x Abu Dhabi, UAEThursday 27 July 2017

Eager fans snap up new Man City shirt as victories fuel enthusiasm

Eventual challenge to United's pre-eminence begins to look realistic as team starts Premier League season with three victories.

DUBAI // Three wins in their team's first three English Premier League games of the season have stoked the expectations of the growing legion of fans in the UAE who have adopted Manchester City as their "local" club. Their hopes are high that they can leave mid-table mediocrity behind and look forward to a future of success and silverware.

With UAE owners who have bankrolled more than Dh700 million (US$190m) in signings over the summer they even believe they can steal the glory from Manchester United. The Emirati purchase of the club has brought new fans to football and the team, such as Guarang Shah, 35, a resident of Dubai for 30 years, who believes that given time, Manchester City will be viewed as the local club and that the colour of the season will be the light blue of City rather than the red of United.

"Loyalty to Abu Dhabi will see fans switch allegiance from clubs like Manchester United and Chelsea to Manchester City. The new team have started very well and if they keep winning you will see more and more local fans wearing the team shirt. It won't be long before it is adopted as the local team." Traditionally, the most popular English teams in the UAE have been Manchester United and Chelsea, but with local owners and a star-studded squad, City is hot on their heels in the race to sell shirts and expand the local fan base.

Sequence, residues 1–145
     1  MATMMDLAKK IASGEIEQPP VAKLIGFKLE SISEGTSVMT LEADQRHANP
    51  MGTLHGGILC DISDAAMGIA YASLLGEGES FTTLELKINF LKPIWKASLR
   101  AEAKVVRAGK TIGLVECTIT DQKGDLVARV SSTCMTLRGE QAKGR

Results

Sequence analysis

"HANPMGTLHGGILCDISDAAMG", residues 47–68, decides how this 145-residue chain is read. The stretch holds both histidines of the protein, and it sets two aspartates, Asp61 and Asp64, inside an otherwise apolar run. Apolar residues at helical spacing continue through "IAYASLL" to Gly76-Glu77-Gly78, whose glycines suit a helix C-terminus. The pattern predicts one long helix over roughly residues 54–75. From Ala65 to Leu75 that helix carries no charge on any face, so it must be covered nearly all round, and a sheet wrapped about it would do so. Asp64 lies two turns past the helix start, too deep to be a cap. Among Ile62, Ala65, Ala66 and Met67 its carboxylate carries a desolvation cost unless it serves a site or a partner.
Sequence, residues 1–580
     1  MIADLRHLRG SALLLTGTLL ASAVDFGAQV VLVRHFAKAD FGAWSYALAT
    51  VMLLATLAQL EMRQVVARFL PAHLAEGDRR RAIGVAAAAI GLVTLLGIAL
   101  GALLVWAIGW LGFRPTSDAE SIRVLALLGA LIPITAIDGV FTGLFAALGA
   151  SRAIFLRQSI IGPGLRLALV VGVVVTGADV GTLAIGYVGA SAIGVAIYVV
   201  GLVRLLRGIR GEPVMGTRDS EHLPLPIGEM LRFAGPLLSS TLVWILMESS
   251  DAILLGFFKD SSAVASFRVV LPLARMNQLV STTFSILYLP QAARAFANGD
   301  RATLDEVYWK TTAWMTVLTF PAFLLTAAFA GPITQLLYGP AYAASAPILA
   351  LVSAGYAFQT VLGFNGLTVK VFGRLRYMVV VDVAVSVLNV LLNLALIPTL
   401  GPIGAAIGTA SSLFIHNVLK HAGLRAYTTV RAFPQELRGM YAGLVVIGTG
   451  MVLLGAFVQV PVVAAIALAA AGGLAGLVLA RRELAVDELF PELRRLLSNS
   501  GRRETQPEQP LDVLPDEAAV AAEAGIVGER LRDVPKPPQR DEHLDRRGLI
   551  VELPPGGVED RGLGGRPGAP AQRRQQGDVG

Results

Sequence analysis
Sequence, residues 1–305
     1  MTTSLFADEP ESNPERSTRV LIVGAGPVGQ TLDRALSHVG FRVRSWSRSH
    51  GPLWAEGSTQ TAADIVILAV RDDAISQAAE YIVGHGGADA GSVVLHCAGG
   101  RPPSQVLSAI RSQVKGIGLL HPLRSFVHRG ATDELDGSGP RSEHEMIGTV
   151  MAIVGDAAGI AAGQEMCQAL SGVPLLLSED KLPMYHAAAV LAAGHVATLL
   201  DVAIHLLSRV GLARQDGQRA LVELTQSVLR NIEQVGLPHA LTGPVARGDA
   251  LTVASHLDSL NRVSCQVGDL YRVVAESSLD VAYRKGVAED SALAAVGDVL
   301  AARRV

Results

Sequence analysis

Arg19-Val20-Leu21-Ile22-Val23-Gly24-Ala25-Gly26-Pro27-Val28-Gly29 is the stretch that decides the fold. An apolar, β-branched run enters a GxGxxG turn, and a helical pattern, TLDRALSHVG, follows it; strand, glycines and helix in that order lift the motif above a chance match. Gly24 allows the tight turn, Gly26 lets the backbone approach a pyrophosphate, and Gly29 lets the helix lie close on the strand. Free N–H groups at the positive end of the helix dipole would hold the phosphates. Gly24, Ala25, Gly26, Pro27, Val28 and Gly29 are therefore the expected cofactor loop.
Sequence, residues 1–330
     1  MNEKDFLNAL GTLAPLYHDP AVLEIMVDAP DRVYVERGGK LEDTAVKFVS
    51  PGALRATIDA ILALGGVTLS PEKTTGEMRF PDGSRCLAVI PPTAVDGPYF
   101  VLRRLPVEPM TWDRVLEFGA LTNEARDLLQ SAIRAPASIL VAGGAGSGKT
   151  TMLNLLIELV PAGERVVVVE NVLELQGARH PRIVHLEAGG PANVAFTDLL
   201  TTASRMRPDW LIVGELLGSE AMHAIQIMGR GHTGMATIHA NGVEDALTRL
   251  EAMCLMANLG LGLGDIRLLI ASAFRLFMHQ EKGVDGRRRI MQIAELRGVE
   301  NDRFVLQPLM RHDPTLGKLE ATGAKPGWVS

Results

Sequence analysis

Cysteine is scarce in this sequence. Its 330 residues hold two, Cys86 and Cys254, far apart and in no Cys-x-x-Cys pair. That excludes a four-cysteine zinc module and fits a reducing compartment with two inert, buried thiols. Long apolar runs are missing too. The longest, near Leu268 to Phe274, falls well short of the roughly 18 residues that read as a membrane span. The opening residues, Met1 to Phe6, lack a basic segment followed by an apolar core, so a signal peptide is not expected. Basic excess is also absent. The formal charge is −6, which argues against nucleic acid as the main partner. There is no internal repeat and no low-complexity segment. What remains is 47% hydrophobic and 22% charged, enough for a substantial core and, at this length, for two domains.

Mark Lynch, chairman of the UAE Manchester City supporters' club, said it was an exciting time and fans have responded by snapping up the latest shirt. "I have lived in the UAE for three years and I have never seen a Manchester City shirt for sale here. The focus has always been on the major European superpowers like Manchester United, Chelsea, AC Milan and Barcelona. Now we have joined that elite and our shirts can be bought across the country."

Umbro, manufacturer of the City kit, confirmed that demand for the jerseys had been greater than expected. But success brings imitation, and Umbro and Manchester City now face the same problem as their rivals in the illegal sale of fake team shirts. Since the launch of the new shirt on July 18 counterfeit jerseys have been for sale in both Abu Dhabi and Dubai for less than Dh50, a fraction of the Dh330 for the genuine article. Umbro said it was working closely with the authorities to fight the illegal trade.

Manchester United, the dominant team in England for the past decade, is an international and highly profitable brand. It has identified Japan, the US and China as emerging markets and has held pre-season tours there to increase the club's profile. With the opening of the Manchester United Soccer School in Dubai in 2005 the Gulf has become one of the fastest-expanding and most lucrative markets in the world.

Chelsea ran a seasonal football school in Abu Dhabi last year. Arsenal has now joined the race and will open its school, based at the Dubai Sevens complex, in early November. Unsurprisingly, next to open a UAE-based football school will be Manchester City. Since the takeover of City last year, under the chairmanship of Khaldoon al Mubarak, the club's UAE owners have worked hard to raise their global profile and challenge their more established rivals, not only on the pitch but off it.

This May, Etihad Airways signed a three-year sponsorship deal with the club, the most lucrative in the history of the Premier League. However, a cautionary note was sounded by Siegfried Wai, 18, a student from Hong Kong, who argued that the club's lack of history and pedigree could hinder expansion of the fan base into Asia. "Fans want to follow a club with a strong history and crowded trophy cabinet," he said. "That is why the most popular clubs in Asia are Manchester United and Liverpool. People have loyalty to a club and won't change allegiance just because a new team has more money. Manchester City assume that money will buy them short-term success but it may take them longer than they expect to be regarded as a top club."

tbrooks@thenational.ae